The leveling guides on my site are essentially speed leveling guides.  My leveling guides are the same guides I use myself to speedrun to 60 on new servers to get 60 server first.  I list many occasions where I tell the player to "die on purpose" to go faster.  I tell the player to skip certain quests, because some quests are just not worth the time/XP.  I list tricks and shortcuts to go faster so you can reach level 60 much quicker.  I am still constantly going through them over and over again perfecting the guides to make them faster and easier to follow.  For the most part, the guide can be followed without the need from other player's help, as the whole guide was made from a solo run anyways.  Although I do list quests that can optionally be done if you have a group.

If you thought your job was done after reaching level 60 and filling out your talent tree, then you’re in for a big surprise! Hitting the level cap is just the first step, because now you’ll actually need to take the time to optimize your character. While a mail agility helm might have worked for leveling because it was all you could find, you’ll definitely want a plate one offering strength.

In-Game Addon Version of My Leveling Guides:  As of June 6th the In-Game Addon version of my leveling guides has began construction!  It will be a long road before it's finished completely, so I cannot guarantee how much of it will be ready for Classic Launch but there is a decent chance that some starting zones will be complete for it by then.  It will be full of features, including:  waypoint arrows, automatic updating, and much more.  More features will be available for it overtime too.


Please note that the Strategy Guide covers World of Warcraft version 1.0, which was the last version before the game’s release version 1.1. Using this as a base, it is possible to find out when content was added. The Master Guide, the Battle Chest Guide and the Dungeon Companion cover content for the game’s release version 1.12, thus providing us with a clear view on which content was available in the last branch of vanilla WoW. It is important to note that none of these books cover extended stats for creatures, quests, etc.; only the basics are covered. Thus it should be considered that these books at least provide a view on what content actually existed and what did not exist during vanilla WoW."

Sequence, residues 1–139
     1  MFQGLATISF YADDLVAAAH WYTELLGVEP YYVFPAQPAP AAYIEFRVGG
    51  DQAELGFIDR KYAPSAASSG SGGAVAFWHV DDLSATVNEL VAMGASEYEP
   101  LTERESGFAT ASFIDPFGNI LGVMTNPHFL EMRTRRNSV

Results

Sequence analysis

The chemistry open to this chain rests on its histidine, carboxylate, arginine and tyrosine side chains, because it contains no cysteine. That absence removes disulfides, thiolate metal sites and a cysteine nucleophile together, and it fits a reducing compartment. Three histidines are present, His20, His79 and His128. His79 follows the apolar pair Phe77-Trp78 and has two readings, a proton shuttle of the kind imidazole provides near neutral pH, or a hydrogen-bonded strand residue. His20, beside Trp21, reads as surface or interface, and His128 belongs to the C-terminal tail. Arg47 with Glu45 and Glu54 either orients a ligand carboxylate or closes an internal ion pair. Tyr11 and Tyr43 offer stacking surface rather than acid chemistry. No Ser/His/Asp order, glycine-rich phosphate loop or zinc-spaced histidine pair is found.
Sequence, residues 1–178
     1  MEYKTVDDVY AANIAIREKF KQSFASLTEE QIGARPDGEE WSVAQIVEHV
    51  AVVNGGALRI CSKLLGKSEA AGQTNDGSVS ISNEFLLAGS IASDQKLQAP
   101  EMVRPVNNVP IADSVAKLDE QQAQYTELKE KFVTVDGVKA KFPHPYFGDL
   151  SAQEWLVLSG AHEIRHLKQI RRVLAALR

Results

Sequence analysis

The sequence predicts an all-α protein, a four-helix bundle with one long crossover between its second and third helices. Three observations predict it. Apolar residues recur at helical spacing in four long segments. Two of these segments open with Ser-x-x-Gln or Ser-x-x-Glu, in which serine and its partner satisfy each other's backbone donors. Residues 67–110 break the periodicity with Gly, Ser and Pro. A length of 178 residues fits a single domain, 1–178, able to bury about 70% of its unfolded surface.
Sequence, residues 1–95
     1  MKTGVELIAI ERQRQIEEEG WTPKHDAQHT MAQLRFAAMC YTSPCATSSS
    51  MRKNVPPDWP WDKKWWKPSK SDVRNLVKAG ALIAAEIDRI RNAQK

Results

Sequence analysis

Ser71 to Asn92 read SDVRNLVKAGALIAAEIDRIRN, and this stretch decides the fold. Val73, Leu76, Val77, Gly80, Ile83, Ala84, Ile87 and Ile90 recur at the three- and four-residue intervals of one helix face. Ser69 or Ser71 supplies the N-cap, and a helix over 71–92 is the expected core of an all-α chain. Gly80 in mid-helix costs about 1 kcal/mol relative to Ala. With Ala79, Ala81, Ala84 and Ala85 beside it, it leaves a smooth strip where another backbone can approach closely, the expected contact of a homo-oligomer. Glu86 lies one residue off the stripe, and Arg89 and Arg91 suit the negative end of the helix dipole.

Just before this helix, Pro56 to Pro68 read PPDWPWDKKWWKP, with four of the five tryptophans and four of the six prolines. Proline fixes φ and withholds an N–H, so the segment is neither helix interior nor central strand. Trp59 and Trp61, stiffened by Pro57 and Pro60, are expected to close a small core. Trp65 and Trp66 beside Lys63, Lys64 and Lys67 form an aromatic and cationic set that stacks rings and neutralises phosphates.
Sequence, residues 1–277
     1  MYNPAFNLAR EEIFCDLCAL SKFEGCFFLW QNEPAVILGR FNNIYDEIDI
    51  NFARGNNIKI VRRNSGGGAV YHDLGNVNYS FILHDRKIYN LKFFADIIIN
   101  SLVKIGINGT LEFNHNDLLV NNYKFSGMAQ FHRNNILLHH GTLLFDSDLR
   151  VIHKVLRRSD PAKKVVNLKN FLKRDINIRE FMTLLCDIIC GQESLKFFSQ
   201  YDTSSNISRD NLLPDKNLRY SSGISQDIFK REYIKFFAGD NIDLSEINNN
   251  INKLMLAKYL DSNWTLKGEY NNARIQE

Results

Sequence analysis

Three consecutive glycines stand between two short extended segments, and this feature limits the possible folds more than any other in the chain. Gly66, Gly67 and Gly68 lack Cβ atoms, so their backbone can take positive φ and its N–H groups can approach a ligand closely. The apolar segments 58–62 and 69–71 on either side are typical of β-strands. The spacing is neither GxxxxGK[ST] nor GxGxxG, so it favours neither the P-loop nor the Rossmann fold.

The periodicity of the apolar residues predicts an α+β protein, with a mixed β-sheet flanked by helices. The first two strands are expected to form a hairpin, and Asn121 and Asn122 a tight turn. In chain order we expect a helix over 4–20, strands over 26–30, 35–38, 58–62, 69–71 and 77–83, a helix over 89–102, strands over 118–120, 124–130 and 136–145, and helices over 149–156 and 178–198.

Jack of all trades — Arms/Fury/Protection 31/5/15. This build was the meat and potatoes Warrior build of classic WoW. This was the build you picked if you were going to do some tanking, some PVP, and you weren’t the main tank of your raid guild or just didn’t want to have to switch specs around constantly. It does a little bit of everything — it has Mortal Strike for those bosses that had a self heal, it lets you switch to a big 2h weapon (although you don’t get 2h Weapon Specialization) in your off hours, it’s basically the I’m not going to be the best at anything but I can do anything you need spec. There are variants for players who wanted to do more damage — swapping out Improved Thunder Clap and Hamstring for 2h Weapon Spec, for example.
Slam Fury Build — 19/32 or 20/31 Fury. This build comes in several varieties. This one makes sure to get Bloodthirst, the signature Fury attack, but it doesn’t include Improved Execute and it doesn’t have full 2h Weapon Specialization from the Arms tree. This variant, which is the one I used, doesn’t go full into Improved Slam so the cast time is a bit longer, but it has Improved Execute and full 2h Weapon Specialization. You can do without Bloodthirst entirely if you prefer, and still get Improved Slam, Flurry, and 2h Weapon Spec all maxed out, which some players preferred. All of these builds used 2h weapons in PVE content, as Fury was basically untenable in PVP, although I still did PVP in my variant of the spec. By the end of classic WoW my gear allowed me to do fairly well, but it was a handicap and I knew it.
The Dedicated Offtank — Arms/Protection 31/20. This build still allows for some oomph when you’re not tanking but focuses more heavily on tanking, with a full 20 points in Protection for picking up some Defiance and Improved Shield Block. It’s still not a main tanking build, but it gives you options for when you’re not raiding or running a dungeon and a lot of Warriors used it in classic. You can vary it up by altering how many points you put in Defiance vs. other talents, like this version that gets you Last Stand, which many tanks swore by.
This is not going to be a talent by talent breakdown, although I might well sit down and write one of those if there’s interest. This is me giving you a look at various talent builds you can adopt once WoW Classic is out, and get an idea of what to aim for. In general, while leveling you should use your primary talent tree as your first one to spend points in — get up the tree to 31 and that big, primary attack (Mortal Strike, Bloodthirst or Shield Slam) as fast as possible. That’s a spec defining ability and you want to get it ASAP. From there, you can start spending points  in the other trees.
Even though the guide was developed with a hunter, the guide can be followed by any class.  Except you have to do your class's quests which aren't a whole lot.  I do have full intention to make my guide friendly with all classes in the future by listing all of their steps as well.  There will be a toggle that allows you to show which class's steps you want to see in the guide.  But this is coming later.
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